The Chinese equipment giant has not held direct talks with any US company about the licensing of its 5G technology, says the company's founder.

Robert Clark, Contributing Editor, Special to Light Reading

November 6, 2019

2 Min Read
Huawei Denies Holding 5G Licensing Talks

Huawei boss Ren Zhengfei has denied the company is in negotiations with any US firms over licensing its 5G technology.

With Huawei blacklisted by the US government, and with several other governments banning it from supplying, Ren has said Huawei is prepared to license its technology to a foreign supplier.

But he told an event in Shenzhen today that reports that the company was already in talks with US firms over licensing weren't quite correct.

Huawei has been approached by intermediaries offering to represent potential US partners, but had yet to hold any direct discussions, according to Ren.

Another thing holding back talks: The entity list forbids any contact between Huawei and US firms.

Most likely, any US company with an eye on Huawei tech would have to apply for a waiver from the Commerce Department before any talks could take place.

Ren unveiled his surprise strategy in an interview with The Economist in September, saying the Chinese firm would charge a one-time fee for access to its "5G patents, licenses, code, technical blueprints and production know-how."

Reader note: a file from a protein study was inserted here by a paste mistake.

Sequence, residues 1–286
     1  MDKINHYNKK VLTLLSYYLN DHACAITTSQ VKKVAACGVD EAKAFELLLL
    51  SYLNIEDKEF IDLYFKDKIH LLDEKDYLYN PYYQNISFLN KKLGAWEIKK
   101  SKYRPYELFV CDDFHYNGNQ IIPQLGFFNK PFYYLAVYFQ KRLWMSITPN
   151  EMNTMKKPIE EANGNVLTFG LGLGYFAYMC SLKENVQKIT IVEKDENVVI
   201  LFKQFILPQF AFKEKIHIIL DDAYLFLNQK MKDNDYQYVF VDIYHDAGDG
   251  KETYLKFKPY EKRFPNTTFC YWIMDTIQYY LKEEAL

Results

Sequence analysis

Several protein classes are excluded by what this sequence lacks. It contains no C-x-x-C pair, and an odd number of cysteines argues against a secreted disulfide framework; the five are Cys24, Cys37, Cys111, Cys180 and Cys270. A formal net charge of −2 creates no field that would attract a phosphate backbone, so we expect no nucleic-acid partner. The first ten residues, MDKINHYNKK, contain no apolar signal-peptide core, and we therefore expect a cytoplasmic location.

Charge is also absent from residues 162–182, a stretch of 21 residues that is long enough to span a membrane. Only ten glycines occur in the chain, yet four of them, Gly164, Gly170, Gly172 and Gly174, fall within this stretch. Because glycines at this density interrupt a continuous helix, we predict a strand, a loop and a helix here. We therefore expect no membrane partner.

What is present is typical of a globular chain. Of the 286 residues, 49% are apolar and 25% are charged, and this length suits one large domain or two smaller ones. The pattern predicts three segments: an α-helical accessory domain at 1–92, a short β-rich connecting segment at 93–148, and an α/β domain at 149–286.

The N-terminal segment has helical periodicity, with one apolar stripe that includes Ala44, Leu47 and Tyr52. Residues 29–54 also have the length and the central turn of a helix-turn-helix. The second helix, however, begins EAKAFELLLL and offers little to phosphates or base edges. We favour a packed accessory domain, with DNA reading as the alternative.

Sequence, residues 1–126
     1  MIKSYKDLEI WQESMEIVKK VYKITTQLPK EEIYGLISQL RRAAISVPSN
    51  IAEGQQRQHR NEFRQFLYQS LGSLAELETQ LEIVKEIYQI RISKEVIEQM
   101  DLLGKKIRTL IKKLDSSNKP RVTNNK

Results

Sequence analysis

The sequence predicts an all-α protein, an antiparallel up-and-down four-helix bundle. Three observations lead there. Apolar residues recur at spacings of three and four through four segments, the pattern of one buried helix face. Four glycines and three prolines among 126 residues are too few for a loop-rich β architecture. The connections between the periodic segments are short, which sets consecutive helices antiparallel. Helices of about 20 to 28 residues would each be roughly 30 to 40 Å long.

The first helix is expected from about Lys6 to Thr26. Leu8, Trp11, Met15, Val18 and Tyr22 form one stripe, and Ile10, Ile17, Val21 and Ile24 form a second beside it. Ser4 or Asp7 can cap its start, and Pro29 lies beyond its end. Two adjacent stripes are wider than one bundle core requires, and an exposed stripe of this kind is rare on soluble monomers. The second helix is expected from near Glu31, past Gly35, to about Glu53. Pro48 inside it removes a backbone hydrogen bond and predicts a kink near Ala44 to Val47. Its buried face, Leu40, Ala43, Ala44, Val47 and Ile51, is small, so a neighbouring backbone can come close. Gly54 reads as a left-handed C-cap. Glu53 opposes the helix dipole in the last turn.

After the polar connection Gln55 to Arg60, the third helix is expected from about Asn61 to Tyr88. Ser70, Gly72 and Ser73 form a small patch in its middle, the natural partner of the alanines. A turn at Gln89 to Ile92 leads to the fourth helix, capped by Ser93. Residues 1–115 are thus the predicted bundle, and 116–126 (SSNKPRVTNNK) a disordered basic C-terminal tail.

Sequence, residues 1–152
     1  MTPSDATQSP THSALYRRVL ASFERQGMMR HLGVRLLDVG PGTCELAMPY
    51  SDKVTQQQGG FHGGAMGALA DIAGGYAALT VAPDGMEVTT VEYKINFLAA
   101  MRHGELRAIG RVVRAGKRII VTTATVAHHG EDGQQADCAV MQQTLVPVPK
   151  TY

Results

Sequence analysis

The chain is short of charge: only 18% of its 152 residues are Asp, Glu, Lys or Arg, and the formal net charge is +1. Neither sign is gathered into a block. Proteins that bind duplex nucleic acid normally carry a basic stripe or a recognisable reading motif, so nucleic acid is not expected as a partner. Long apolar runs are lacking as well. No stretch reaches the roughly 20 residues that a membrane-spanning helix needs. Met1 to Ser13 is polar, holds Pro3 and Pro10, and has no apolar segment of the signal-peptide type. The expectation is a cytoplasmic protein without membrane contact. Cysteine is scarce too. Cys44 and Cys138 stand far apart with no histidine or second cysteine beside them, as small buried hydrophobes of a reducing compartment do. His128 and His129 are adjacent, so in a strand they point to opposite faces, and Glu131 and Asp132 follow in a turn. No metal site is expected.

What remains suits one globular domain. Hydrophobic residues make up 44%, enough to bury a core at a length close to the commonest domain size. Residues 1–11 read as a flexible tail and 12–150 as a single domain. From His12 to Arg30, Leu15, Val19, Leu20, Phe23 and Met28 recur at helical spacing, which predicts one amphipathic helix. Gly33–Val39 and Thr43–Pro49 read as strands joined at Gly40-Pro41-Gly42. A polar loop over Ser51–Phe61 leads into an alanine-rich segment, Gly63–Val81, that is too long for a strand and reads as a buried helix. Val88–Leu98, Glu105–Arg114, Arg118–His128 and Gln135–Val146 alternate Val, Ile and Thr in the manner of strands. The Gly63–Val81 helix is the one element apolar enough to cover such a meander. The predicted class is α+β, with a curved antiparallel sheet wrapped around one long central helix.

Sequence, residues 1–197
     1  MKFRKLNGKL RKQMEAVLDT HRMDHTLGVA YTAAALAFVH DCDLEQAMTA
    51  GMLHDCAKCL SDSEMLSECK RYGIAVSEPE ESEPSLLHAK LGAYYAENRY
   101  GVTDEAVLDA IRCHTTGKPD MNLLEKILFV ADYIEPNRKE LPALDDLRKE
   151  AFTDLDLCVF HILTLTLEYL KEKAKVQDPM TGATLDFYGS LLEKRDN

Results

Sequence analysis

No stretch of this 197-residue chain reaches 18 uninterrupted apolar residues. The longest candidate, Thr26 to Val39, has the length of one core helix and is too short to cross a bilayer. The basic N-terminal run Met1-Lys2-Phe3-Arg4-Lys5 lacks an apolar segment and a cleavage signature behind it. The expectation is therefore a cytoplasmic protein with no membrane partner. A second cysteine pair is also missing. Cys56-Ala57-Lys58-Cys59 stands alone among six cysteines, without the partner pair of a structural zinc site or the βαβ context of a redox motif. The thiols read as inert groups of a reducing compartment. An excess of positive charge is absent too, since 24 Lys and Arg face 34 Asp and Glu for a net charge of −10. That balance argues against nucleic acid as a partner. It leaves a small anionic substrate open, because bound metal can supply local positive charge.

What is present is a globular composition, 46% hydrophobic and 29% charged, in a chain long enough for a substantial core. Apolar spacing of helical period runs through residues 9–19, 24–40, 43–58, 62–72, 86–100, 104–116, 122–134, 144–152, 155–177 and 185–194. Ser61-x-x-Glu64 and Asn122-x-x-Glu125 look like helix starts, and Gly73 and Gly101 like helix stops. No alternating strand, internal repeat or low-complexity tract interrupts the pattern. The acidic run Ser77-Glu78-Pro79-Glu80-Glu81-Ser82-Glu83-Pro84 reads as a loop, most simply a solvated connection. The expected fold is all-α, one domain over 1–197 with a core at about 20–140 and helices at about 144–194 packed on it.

He has since elaborated that the offer is for just a single US-based vendor.

Ren insists he would be happy to create a strong competitor because it would keep Huawei employees on their toes and "make the world a better one." Additionally, it would be a handy source of licensing revenues.

But another part of Ren's calculation may be that Huawei's carrier business will likely become a smaller part of the company's future.

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Light Reading.

That's not the official company line, which is that it remains committed to serving telecom operators. But that core business unit is being overshadowed by Huawei's other lines of business.

Last year for the first time it was not the biggest source of revenue. The devices group accounted for 48% of total sales and the carrier unit just 41%.

Besides those two divisions, Huawei has a fast-growing enterprise unit through which it also sells AI-based solutions.

Ren himself has said AI is more important than 5G and will become the world's biggest industry. The company has been investing heavily in AI, recently unveiling a powerful new chip and new development framework. Huawei's AI-driven face-recognition system is widely deployed in China but has also stirred concern abroad.

— Robert Clark, contributing editor, special to Light Reading

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About the Author(s)

Robert Clark

Contributing Editor, Special to Light Reading

Robert Clark is an independent technology editor and researcher based in Hong Kong. In addition to contributing to Light Reading, he also has his own blog,  Electric Speech ( 

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